“The main reason for donating was because of Hurricane Harvey,” Jeryd Puetz, a junior Movement Science major, said. “I can’t go down there myself so I decided to come here and this is the best I could do to help out the people down there.”
Several types of assistance offered by the American Red Cross, who co-sponsored the blood drive, have been in high demand due to Hurricane Harvey according to their website. In addition to blood donations, the charity also offers finical aid, shelter and food.
This desire to help those affected by Harvey is something APO Service Vice-President Bethany Pierce said she has seen recently on campus.
“TCU has really taken a huge step trying to do as much as they can for those affected by Harvey, especially since we had so many students who have friends and family in south Texas,” Pierce said. “The university has really encouraged all students to sort of step up and do what they can to help out. We’re just happy to be a part of that.”
Pierce said the organization is hoping for around 50 reservations – which is equivalent to 50 individual donations.
“We just hope that we can meet those needs of those being affected by those tragedies across the country,” Pierce said. “We’re glad that we have this opportunity available for students who are looking for ways to give back.”
For others, their motives were more the usual for a blood drive and less about a specific event. For senior psychology major on the pre-med track Daniela Monsalve, witnessing people desperately in need of a blood transfusion inspired her.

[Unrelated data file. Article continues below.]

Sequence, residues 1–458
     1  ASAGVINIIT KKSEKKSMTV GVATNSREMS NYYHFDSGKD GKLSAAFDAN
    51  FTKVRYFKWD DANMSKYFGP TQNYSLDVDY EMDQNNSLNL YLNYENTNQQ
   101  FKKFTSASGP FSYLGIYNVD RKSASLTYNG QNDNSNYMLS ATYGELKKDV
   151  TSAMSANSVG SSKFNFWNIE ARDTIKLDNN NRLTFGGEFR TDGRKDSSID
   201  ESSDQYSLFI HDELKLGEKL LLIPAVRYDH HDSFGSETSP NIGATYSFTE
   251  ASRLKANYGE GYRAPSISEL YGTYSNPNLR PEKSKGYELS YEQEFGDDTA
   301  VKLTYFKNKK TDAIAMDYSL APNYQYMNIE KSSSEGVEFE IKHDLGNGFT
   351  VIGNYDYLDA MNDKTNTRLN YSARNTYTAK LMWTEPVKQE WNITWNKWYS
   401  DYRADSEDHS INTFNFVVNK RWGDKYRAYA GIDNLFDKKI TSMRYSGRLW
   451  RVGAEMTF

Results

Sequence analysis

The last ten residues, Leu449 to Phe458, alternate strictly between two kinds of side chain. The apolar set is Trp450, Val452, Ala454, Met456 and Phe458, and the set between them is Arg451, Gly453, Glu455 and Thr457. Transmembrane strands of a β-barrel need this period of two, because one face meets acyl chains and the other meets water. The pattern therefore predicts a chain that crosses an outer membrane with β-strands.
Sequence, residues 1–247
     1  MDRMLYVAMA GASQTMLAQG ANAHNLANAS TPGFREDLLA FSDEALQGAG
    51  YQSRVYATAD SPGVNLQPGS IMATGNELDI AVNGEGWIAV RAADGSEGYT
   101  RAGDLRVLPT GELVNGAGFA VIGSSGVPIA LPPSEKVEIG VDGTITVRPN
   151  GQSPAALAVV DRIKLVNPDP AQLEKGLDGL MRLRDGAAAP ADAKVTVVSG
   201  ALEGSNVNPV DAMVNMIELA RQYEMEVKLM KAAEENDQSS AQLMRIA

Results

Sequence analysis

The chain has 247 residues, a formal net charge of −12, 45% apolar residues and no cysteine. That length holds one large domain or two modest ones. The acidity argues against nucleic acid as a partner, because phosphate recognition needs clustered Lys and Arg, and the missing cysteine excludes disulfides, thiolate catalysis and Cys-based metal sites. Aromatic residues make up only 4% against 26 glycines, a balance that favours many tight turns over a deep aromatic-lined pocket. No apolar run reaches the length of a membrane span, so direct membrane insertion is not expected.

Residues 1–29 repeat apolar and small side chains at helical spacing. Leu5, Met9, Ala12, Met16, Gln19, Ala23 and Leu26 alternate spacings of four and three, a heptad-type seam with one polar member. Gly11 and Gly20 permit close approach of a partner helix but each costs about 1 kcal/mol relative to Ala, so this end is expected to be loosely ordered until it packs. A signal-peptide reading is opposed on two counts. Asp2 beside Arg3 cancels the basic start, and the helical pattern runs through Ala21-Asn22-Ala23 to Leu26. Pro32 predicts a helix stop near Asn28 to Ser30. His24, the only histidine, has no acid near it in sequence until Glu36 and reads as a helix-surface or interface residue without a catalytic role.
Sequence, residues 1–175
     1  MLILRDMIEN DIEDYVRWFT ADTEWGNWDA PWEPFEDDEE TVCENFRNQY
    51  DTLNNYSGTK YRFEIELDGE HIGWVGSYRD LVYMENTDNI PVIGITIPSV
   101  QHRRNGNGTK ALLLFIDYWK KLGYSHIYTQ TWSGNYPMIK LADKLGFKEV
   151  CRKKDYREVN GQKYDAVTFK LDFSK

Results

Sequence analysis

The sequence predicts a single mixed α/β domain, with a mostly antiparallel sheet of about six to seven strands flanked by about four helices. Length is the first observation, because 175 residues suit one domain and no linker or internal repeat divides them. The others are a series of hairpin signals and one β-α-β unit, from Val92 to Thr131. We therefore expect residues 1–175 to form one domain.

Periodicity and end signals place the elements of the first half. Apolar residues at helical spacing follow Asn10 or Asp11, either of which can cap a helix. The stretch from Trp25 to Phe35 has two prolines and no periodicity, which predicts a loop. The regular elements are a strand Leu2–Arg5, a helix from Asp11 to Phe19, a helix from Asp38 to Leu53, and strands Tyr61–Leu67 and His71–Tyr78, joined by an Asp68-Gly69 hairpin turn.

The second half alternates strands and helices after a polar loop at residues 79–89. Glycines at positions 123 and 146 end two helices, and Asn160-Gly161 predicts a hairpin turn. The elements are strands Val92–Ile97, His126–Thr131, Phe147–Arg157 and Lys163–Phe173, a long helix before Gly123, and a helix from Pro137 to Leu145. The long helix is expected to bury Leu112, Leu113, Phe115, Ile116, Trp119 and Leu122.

“I’m an emergency room scribe and at work I always see people whenever they’re in critical conditions where they need blood and I see them struggling,” she said. “I know that I can help out those people by donating blood, so I figure, hey TCU has the donation center today so why not go?”
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The first student in line to donate blood for the day was first year student Caitlin Verhoeff. She said this is her second time donating blood, but since she found out she carries a protein that is beneficial to those with sickle cell, she wants to help.
“I like helping people,” she said. “I try to do it as much as I can and if this is one of the ways I can do it, then I’ll do it.”
And standing right behind her in line, sophomore Clayton Dana-Bashain.
Dana-Bashain said that donating blood has always been a tradition in his family. His father has donated almost 10 gallons of blood. And that’s why he is here today – his dad.
“Unfortunately my father was diagnosed with blood cancer three years ago,” Dana-Bashain said. “I’ve never missed a donation since.”
According to the American Red Cross, every two seconds someone in the United States needs blood. That means approximately 36,000 units of red blood cells are needed every day.
Before donating blood, volunteers had to answer a series of questions about their health and lifestyle to limit the chances of disease being spread from the donated blood. After the needle and donation, volunteers were rewarded with their choice of Oreos, Nutter Butters or Cheez-its, along with a drink.
After donating blood, the American Red Cross requires volunteers to wait at least 56 days before donating again – which gives volunteers enough time to rest before APO’s next blood drive in the spring semester, which they’ve already started planning. It’s all part of the tradition of hosting the drive which began years ago.
“It’s something that we’re proud to work with the Red Cross on every year,” Pierce said. “We’re glad we have this opportunity available for students who are looking for ways to give back.”
For more opportunities to donate blood, visit the American Red Cross website.